According to new NHS advice, giving birth at home or in a midwife-led unit is safer than the labour ward for most women.

The National Institute for Health and Care Excellence (NICE) said that ‘home births and midwife-led centres were better for mothers and often safer for babies’. The guidelines, which only apply to women at low risk of complications, state that for the 45% of women at extremely low risk of complications, they may be better off giving birth at home or in a midwife-led unit than a labour ward. 

NICE’s clinical practice director, Professor Mark Baker, underlined that research ‘shows that a home birth is generally safer than hospital for pregnant women at low risk of complications who have given birth before’. Professor Baker said he hoped the recommendations would see ‘a shift away from hospitals’ but that women should be able to have their babies in the environment in which they felt most comfortable.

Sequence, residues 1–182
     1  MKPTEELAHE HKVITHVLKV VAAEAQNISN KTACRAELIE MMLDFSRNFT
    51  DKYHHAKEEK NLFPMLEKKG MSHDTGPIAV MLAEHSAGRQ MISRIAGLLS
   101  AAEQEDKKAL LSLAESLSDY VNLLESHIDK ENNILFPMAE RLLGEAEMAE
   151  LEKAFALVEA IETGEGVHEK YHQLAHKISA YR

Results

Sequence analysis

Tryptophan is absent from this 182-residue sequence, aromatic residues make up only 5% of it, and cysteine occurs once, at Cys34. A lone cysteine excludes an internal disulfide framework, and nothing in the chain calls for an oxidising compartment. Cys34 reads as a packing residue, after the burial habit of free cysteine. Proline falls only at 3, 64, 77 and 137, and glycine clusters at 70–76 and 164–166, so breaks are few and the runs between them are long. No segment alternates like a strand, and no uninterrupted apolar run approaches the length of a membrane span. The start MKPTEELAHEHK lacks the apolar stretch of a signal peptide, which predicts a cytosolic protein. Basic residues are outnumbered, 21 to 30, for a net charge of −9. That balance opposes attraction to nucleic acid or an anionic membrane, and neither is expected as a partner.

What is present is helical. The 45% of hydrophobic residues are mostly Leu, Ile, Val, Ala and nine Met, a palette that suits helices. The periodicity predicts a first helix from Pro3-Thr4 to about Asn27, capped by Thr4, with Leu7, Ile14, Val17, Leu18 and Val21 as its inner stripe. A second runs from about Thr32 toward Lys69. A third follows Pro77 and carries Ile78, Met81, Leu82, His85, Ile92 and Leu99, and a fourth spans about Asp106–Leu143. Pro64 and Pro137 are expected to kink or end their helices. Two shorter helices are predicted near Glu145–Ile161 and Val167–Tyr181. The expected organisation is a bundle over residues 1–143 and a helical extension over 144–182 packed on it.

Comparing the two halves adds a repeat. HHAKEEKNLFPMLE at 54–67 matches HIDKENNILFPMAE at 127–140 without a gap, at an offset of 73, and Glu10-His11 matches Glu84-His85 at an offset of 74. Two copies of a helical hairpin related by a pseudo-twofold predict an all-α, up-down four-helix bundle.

It seems the changes have been made because studies show that women who give birth under midwife-led care have less chance of being asked to undergo medical interventions such as episiotomies, caesareans and use of forceps or ventouse.

The BBC reports that out of the 700,000 babies born each year in England and Wales, nine out of ten are born in doctor-led obstetric units in hospital. 

This new guidance marks a significant shift from previous NHS advice. However, some are concerned about its implications and feel that the guidance could be dangerous because for some women it is not always safe to give birth outside hospital.